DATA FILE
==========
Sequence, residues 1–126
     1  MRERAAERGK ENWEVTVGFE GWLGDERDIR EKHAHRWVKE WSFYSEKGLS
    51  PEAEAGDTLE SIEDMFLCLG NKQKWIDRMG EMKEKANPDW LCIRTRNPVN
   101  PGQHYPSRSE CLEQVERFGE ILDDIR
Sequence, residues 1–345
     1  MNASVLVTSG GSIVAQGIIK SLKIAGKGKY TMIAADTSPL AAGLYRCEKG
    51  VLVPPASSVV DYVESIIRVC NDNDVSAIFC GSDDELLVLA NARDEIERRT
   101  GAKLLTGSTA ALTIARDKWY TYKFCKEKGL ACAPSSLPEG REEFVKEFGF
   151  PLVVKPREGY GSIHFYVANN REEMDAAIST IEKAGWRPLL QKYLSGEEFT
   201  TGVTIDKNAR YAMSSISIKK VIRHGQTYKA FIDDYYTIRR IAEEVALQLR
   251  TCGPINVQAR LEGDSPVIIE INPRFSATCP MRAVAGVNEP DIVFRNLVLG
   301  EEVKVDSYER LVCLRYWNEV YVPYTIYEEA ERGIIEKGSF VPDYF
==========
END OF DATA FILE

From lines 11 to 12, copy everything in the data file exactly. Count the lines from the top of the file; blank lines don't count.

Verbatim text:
   251  TCGPINVQAR LEGDSPVIIE INPRFSATCP MRAVAGVNEP DIVFRNLVLG
   301  EEVKVDSYER LVCLRYWNEV YVPYTIYEEA ERGIIEKGSF VPDYF